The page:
Anzac Day, and I was at Devonport again for the parade and service. The RSA veterans got their usual warm applause as they marched along Victoria Road to the war memorial, all smartly turned out and their medals glinting in the sunshine. This year they were joined by Con Thode, a youthful-looking 103 year-old who is the only New Zealander to have commanded a British submarine, which sent an impressed murmur through the crowd when it was announced at the start of the service.
There were hymns, readings by marvellously assured young children, prayers, the Ode in Maori as well as English this time, a particularly military speech this year, wreath-laying by groups both obvious and obscure, and again the singing of the Australian anthem as well as ours, which is a nice touch even though theirs grates slightly, being somewhat boastful (golden soil, nature's gifts, beauty rich and rare...) and enviably livelier than our dirge.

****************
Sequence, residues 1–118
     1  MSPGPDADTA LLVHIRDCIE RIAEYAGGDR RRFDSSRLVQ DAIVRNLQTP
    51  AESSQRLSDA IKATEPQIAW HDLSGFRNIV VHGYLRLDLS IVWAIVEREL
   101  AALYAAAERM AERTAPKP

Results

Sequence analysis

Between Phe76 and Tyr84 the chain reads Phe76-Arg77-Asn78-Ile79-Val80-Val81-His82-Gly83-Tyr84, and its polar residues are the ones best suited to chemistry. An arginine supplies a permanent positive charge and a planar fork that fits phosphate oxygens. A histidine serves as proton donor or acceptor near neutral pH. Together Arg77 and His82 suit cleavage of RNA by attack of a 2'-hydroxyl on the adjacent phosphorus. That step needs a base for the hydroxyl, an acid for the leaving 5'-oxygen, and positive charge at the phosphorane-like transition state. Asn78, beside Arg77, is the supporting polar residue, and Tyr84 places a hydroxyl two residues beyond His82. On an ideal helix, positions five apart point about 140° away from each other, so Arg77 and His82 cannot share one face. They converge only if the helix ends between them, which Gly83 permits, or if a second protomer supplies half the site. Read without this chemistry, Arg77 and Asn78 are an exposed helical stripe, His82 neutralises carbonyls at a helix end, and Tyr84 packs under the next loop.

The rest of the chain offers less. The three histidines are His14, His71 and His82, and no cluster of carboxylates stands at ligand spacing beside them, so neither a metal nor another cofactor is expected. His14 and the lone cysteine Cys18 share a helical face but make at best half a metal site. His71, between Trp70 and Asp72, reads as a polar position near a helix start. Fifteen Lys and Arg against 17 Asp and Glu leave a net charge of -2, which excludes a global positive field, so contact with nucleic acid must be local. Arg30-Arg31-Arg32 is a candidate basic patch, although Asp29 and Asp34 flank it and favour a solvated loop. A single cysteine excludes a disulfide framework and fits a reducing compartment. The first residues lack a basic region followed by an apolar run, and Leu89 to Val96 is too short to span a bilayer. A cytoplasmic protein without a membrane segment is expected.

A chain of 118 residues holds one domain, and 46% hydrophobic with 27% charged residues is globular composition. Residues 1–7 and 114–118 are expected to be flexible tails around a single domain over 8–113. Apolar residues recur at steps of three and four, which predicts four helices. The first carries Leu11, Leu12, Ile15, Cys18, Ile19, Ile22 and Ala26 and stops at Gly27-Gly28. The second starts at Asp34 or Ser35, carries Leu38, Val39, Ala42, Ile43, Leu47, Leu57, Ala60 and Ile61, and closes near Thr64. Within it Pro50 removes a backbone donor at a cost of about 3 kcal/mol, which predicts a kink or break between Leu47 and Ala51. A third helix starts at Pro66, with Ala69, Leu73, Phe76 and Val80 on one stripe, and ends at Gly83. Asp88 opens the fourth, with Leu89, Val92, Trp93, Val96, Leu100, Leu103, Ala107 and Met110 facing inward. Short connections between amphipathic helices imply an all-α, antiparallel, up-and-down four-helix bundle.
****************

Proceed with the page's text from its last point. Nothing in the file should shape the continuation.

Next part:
The Last Post was especially well done this year, the lingering notes perfectly sounded; and I looked around at the crowd, from littlies in shorts and jandals to old people in blazers and sensible shoes, all colourful in the bright autumn sunshine, and thought how different next Anzac Day will be, when I'm standing in the cold pre-dawn dark of a Turkish spring on the Gallipoli peninsula for the 100th anniversary of the battle that started it all.